The Quest GWD system served as the primary source of directional control and was successfully run inside the service company’s collar to streamline BHA handling on the rig. The operation was carried out entirely remotely with both day and night crews onshore, reducing carbon footprint. Fully remote operations also removed personnel from high-risk zones offshore, providing an immediate HSE benefit and reduction in carbon footprint. By using the same tools and equipment more efficiently with less risk of having to rig down and rig up BHA components, the operator also eliminated several hours of additional rig time. Remote operations eliminated mobilization and logistics costs, while the system’s solid-state sensors enabled a reduction in survey times versus conventional gyro tools. The Quest GWD system’s dramatically increased battery life allowed it to remain in a fully built, shutdown state for longer and mobilized offshore fully made up, meaning no onsite personnel were necessary to finalize rig-up.

Exploration and Production Case Study - Solving Wellbore Challenges Offshore - Figure One
Figure 1. The four wells for the project, with no risk of wellbore collision due to proper placement with the Quest GWD system. (Source: Gyrodata Inc.)

In another project, a North Sea operator needed to orient and set their 13⅜-inch whipstock from vertical to mill out a window for sidetracking from a semisubmersible rig during drilling of an exploration well. The operator agreed to implement fully remote survey services and performance monitoring to reduce the need for offshore crews, as well to mitigate the ongoing financial and logistical challenges associated with personnel mobilization during the ongoing COVID-19 pandemic. It was critical that the operator use a survey system that could function effectively during vessel heave so that they could successfully orient and set the whipstock.

The operator deployed the Quest GWD system with two survey specialists monitoring real-time well and survey data from a remote operating center onshore in Aberdeen, eliminating the need for additional personnel on the rig. The remote system improved HSE on the rig and eliminated the costs and logistics of personnel transport and accommodation. The extended GWD mode was programmed with a survey delay to allow maximum data reliability while operating in challenging tophole conditions where sea movement can affect data quality. In addition, the operator was limited to only five pump cycles to achieve setting the whipstock. The operation was completed in just three surveys and all survey data fully passed QC, validating the successful orientation and setting of the whipstock despite the vessel heave during the winter storms.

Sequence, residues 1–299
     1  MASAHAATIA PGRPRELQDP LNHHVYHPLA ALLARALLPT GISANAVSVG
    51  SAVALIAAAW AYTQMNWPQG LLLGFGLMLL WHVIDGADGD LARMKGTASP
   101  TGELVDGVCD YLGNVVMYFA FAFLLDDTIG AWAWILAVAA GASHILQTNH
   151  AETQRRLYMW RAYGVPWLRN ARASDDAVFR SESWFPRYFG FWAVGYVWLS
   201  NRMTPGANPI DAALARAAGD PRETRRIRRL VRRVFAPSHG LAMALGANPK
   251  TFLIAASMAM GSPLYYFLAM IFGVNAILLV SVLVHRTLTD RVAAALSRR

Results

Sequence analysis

Gyrodata 3D representation of using a whipstock to sidetrack a well
3D representation of using a whipstock to sidetrack a well. (Source: Gyrodata Inc.)


The oil and gas industry will continue to face difficulties moving forward but understanding wellbore placement need not be one of them. The time when the only possible method of taking surveys in harsh downhole environments was with MWD tools has passed, with the advent of solid-state gyro technology providing the industry with a new way of obtaining highly accurate, reliable, and efficient wellbore surveys. As the ways in which people live and work fundamentally alter how the industry operates, finding ways to reduce carbon footprint, implement better technology and intelligently use available resources will be critical. It will be up to forward-thinking companies and innovators to position the industry to overcome these challenges and achieve future success.